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As technological change accelerates, the United States military must undergo a rapid change in priorities as competitor nations rise, counterinsurgency missions wane, and threats grow. From my three decades in the Air Force, I know that our military is a global leader in technology, but the rise of new powers using asymmetric technologies could threaten that lead.

Just like the shock from the coronavirus has changed how our American leaders and policymakers view risks from disease and pandemics, we must make sure that a different, though similarly unanticipated, shock does not threaten American military primacy. Today’s threats include the rising power of peer competitors like China and Russia, as well as smaller, unpredictable states like Iran or North Korea — which cannot stand on the same battlefield as the American military, but can deploy asymmetric threats to deal devastating damage to American power. I saw how our military performed under fire and quickly developed, then employed the strategies of counterinsurgency in the conflicts of the last two decades; we must work now to ensure that we are prepared for the contests of the 21st century.

Technology in the hands of our soldiers, sailors, Marines and airmen will determine who wins those wars of the future. The National Defense Strategy, published in 2018, was correct to highlight that “rapid technological advancements and the changing character of war” will drastically alter the global security environment. The specific technologies it highlights as key to winning the wars of the future include: advanced computing, data analytics, artificial intelligence, autonomy, robotics, directed energy and hypersonic weapons.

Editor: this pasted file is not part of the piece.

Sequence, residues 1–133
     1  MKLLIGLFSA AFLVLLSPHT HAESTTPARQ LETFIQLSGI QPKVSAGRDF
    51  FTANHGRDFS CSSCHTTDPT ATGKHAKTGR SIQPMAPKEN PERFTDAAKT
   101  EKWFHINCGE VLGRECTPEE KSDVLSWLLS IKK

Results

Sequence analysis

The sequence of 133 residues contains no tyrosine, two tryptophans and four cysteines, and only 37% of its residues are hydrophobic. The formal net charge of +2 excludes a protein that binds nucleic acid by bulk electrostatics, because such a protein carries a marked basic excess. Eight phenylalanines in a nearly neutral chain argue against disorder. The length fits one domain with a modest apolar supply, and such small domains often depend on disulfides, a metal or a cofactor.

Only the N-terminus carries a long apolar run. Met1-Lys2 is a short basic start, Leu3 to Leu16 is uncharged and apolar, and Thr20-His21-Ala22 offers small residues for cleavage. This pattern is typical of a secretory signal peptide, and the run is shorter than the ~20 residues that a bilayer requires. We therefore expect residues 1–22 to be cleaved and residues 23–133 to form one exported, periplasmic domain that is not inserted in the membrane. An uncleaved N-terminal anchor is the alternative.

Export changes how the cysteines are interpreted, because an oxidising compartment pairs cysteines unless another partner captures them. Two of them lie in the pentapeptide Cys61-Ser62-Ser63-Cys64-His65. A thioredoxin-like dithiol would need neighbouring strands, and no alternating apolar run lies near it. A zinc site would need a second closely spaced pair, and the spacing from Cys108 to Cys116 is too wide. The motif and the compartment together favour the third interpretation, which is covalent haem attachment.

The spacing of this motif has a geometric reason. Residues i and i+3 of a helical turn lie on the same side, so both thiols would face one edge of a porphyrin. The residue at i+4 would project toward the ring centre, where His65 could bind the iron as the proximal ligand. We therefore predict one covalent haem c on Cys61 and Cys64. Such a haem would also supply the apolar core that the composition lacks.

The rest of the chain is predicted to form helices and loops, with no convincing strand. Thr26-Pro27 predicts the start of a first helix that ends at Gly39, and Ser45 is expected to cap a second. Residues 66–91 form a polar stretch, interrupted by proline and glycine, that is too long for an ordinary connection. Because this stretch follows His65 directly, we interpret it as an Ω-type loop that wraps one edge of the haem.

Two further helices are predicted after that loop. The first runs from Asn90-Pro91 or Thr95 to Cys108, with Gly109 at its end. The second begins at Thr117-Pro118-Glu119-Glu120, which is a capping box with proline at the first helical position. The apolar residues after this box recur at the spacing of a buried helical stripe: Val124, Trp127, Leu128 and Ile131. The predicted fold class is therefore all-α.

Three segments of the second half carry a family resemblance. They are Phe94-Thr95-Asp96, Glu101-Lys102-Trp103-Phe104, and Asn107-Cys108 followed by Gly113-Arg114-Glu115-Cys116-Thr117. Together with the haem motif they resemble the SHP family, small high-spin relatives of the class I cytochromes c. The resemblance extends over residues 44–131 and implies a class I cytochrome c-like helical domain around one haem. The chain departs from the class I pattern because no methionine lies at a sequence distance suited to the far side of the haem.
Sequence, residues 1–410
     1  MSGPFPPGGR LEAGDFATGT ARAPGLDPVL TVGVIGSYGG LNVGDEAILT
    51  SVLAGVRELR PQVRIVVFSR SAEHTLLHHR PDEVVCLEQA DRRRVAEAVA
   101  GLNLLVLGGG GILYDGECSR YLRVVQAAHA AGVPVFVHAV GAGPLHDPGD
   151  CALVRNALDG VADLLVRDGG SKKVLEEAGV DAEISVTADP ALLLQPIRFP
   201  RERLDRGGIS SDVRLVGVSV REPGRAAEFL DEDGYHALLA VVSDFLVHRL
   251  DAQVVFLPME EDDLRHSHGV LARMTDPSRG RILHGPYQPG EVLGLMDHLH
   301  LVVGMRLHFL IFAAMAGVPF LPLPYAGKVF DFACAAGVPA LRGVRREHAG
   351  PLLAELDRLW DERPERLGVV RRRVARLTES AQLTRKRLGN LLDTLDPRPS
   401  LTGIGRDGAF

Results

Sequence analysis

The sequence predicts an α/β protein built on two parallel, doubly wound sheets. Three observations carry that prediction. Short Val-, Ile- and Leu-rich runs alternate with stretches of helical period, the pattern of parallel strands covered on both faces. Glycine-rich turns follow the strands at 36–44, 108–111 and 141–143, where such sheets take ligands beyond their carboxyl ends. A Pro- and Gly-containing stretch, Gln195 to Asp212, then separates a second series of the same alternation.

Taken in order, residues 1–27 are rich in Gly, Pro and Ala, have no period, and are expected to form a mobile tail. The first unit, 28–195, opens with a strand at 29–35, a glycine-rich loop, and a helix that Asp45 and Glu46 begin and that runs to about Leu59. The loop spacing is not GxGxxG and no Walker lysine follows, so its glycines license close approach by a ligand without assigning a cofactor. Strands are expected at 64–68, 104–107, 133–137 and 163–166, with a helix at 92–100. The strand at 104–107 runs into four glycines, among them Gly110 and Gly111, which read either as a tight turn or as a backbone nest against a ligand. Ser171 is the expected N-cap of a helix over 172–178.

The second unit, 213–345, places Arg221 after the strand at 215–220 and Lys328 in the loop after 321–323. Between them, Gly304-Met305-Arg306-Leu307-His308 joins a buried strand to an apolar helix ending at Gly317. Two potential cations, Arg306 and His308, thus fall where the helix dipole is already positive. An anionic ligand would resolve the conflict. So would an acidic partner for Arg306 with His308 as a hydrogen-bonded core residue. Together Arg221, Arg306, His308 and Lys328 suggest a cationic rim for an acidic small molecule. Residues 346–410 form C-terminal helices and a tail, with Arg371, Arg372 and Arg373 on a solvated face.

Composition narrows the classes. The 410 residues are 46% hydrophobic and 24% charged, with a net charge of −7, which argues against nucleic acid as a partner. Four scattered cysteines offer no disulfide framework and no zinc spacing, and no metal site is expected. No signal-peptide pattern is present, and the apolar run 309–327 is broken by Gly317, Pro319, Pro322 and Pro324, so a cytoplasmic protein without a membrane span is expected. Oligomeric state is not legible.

Air Force missions are at the center stage of these technological advances. In addition to its enduring mission sets, our Air Force along with the new Space Force is laser focused on the protection of the U.S. homeland, remote control of unmanned aircraft, and maintaining awareness of emerging threats. These rapid advances in technology both enable and threaten these missions. New weapons platforms like electromagnetic railguns, directed energy weapons, drones and networked warfighters will enhance the Air Force’s ability to protect the homeland and take the fight to the enemy. However, new threats, particularly from cyber warfare and space, could allow enemies to deny air power to our force at mission-critical times.

The key enabler of these new technological advances and threats is energy. These technologies all require large amounts of energy and power available at a moment’s notice. That means, without new strategic forethought, energy vulnerability for the force will only grow as its energy footprint grows. The Air Force needs innovation in energy and resilience to ensure it is able to meet its mission.

Perhaps the most exciting area of energy innovation that the Air Force can take advantage of is in new, advanced nuclear power. Although the Air Force tested flying nuclear reactors in the 1950s, today’s applications would enable continuous on-demand power.